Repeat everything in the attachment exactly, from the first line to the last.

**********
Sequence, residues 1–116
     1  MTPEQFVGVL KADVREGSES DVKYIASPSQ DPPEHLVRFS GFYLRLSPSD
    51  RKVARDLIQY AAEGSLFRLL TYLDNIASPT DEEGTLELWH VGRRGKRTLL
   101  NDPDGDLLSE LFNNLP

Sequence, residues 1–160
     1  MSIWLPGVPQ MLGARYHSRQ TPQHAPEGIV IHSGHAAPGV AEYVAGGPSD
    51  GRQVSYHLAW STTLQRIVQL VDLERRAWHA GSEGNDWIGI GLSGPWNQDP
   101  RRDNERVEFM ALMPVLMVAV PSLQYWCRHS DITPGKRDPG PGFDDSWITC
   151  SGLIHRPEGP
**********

Sequence, residues 1–116
     1  MTPEQFVGVL KADVREGSES DVKYIASPSQ DPPEHLVRFS GFYLRLSPSD
    51  RKVARDLIQY AAEGSLFRLL TYLDNIASPT DEEGTLELWH VGRRGKRTLL
   101  NDPDGDLLSE LFNNLP

Sequence, residues 1–160
     1  MSIWLPGVPQ MLGARYHSRQ TPQHAPEGIV IHSGHAAPGV AEYVAGGPSD
    51  GRQVSYHLAW STTLQRIVQL VDLERRAWHA GSEGNDWIGI GLSGPWNQDP
   101  RRDNERVEFM ALMPVLMVAV PSLQYWCRHS DITPGKRDPG PGFDDSWITC
   151  SGLIHRPEGP